I have a matrix `M`

thats's `16384 x 81`

. I want to compute `M * M.t`

(the result will be `16384x16384`

).

My question is: **could somebody please explain the running time differences**?

Using **OpenCV in C++** the following code takes **18 seconds**

```
#include <cv.h>
#include <cstdio>
using namespace cv;
int main(void) {
Mat m(16384, 81, CV_32FC1);
randu(m, Scalar(0), Scalar(1));
int64 tic = getTickCount();
Mat m2 = m * m.t();
printf("%f", (getTickCount() - tic) / getTickFrequency());
}
```

In **Python** the following code takes ~~only ~~ **0.9 seconds****18.8 seconds** (see comment below)

```
import numpy as np
from time import time
m = np.random.rand(16384, 81)
tic = time()
result = np.dot(m, m.T)
print (time() - tic)
```

In **MATLAB** the following code takes **17.7 seconds**

```
m = rand(16384, 81);
tic;
result = m * m';
toc;
```

My only guess would have been that it's a memory issue, and that somehow Python is able to avoid swap space. When I watch `top`

, however, I do not see my `C++ application`

using all the memory, and I had expected that `C++`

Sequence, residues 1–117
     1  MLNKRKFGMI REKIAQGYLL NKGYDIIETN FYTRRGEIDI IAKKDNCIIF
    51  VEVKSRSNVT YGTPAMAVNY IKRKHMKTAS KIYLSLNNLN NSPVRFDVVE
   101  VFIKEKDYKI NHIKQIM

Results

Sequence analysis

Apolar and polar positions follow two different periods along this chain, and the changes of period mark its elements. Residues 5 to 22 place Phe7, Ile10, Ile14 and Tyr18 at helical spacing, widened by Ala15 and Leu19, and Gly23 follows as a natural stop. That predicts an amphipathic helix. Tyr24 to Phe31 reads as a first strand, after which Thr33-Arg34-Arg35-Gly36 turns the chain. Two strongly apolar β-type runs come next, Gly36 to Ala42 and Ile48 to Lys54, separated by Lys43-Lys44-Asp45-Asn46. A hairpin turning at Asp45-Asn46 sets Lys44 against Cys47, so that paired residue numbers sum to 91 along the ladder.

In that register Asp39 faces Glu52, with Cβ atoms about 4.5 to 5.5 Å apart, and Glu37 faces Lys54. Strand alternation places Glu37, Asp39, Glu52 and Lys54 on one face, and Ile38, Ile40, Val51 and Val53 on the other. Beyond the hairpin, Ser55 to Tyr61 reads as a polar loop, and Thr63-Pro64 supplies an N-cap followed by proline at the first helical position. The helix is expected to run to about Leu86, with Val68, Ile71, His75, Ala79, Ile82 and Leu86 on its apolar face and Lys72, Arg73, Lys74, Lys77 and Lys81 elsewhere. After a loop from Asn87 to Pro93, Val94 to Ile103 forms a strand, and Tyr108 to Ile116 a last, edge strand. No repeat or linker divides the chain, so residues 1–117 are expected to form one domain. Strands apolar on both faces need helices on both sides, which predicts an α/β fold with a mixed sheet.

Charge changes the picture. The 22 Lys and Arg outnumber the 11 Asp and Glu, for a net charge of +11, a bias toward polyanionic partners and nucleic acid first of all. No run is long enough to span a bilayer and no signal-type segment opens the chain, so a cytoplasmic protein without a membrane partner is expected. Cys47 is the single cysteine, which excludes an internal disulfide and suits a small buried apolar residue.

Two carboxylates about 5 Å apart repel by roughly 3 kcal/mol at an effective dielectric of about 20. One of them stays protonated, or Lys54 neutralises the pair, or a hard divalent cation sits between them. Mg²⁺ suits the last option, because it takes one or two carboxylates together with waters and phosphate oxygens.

would win the day. Thanks for any insights.

**Edit**

After revising my examples to time only the operation, the code now takes 18 seconds with Python, also. I'm really not sure what's going on, but if there's enough memory, they all seem to perform the same now.

Here are timings if the number of rows is 8192: C++: 4.5 seconds Python: 4.2 seconds Matlab: 1.8 seconds

`rand()`

? If you want to measure GEMM (multiply time), you should not measure a rand time. Also, there can be a startup time of the programm. – osgx Feb 19 '11 at 15:17`C`

.`numpy`

just is capable to use proper libraries. However so is`matlab`

as well, so they should be close to each other. There is no`Python`

magic here. Thanks – eat Feb 19 '11 at 15:35